Felt storyboards for young learners
Felt storyboards or flannel board stories is a multi-sensory activity. It is the way of storytelling using a board covered with flannel and objects made of felt that can stick to the board.
This visual aid requires preparation: choosing an appropriate text, creating characters, and other props. During telling the story the teacher or/and the students add felt pieces to the board according to the plot. Felt storyboards work best with very young learners.
What are the benefits of using felt storyboards?
First of all, it is more engaging when the story is told than read. Even if you can’t narrate dramatically, different characters will catch young learners’ attention and help you to make a bright show.
Secondly, this activity fosters creativity and encourages imagination especially if new scenarios are added by children.
Thirdly, telling a story using a board increases group participation which is really wonderful for shy pupils.
Storyboards help to develop language and skills: enlarge vocabulary and grammar, improve listening, encourage speaking. Children will retell the story or repeat the phrases from it after listening to it many times.
Moreover, it is much easier to organize felt storytelling than a finger or hand puppet theatre. If a tale involves 5-7 puppets, you have to practise controlling the characters.
What can felt storyboards be based on?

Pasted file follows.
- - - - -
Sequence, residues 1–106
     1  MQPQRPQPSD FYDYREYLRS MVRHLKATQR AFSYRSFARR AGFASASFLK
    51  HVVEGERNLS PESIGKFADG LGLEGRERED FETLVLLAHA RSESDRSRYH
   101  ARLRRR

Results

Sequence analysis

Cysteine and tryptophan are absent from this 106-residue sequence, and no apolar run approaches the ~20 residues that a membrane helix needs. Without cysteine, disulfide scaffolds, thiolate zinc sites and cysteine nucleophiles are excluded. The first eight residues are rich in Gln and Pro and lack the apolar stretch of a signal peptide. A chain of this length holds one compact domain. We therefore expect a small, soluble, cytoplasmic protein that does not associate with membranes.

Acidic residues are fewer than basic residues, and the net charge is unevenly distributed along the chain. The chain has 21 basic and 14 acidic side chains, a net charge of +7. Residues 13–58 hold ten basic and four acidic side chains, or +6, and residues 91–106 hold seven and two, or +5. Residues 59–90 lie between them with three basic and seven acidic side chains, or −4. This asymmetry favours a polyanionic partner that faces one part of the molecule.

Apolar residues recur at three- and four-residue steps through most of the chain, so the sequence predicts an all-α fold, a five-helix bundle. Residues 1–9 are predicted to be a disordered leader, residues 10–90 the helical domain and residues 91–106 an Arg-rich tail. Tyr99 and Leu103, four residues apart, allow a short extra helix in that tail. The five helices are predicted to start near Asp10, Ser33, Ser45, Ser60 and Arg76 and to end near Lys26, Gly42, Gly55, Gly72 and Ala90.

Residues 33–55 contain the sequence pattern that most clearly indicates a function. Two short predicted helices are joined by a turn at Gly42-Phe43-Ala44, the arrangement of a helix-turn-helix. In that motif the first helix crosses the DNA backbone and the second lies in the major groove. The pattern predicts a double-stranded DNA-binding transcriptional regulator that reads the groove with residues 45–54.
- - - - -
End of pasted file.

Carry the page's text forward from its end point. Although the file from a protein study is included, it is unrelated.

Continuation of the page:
Preferably, simple and short narratives that don’t require too many characters. Such as:
- short stories
- simple fairy tales
Tips for using storyboards with young learners
- Even people who can’t sew can manage to create a felt story. It’s easy to cut figures using patterns and hot glue for attaching small details. I usually create patterns myself without trying to make them perfect.
- A board is made of cardboard covered with flannel or fleece. The simplest way to create it is to use a big photo frame. The fabric for the background should be either light or dark with neutral colours such as sky blue, different shades of green, grey, or brown. Personally, I prefer dark colours because in this case, neither of the figures blend into the background.
- Check that all characters fit on your felt board. Make a couple of boards different in size for different purposes.
- Such props as lakes, forests, houses, furniture pieces can be made and used for all the stories.
- For large classes, a board should be bigger and it is easier if it hangs on the wall so that the teacher has both hands free.
- You need to know the text by heart. A short plan or a script can help.
- Before telling a tale, place the felt pieces in an easily accessible place for you and your children. Put figures in order of their appearance.
- You can pre-teach some words by demonstrating felt pieces.
- When you describe the events encourage the children to help by adding props. If the narrative is familiar, ask them to finish some phrases. The pupils can also produce different sounds made by animals, transport etc.
- After finishing the narration, you can ask simple questions to discuss the characters: Was she happy or sad when…? Did Goldilocks behave well or badly?
- Felt storyboard is great for playing language games. For example, “Mouse, mouse, are you in the red house?”, which practises colours. Hide the mouse under one of the houses while pupils don’t look. Encourage them to guess by asking: “Mouse, mouse, are you in the (colour) house?”. Check if they are right. If not, the game continues. Watch this video for better understanding. For older learners, the selection of colours should be wider.
More game ideas are ➡ here
Felt stories are relatively easy to make and are so much enjoyed by children. A considerable variety of tasks makes board stories a perfect tool for creative lessons with young learners.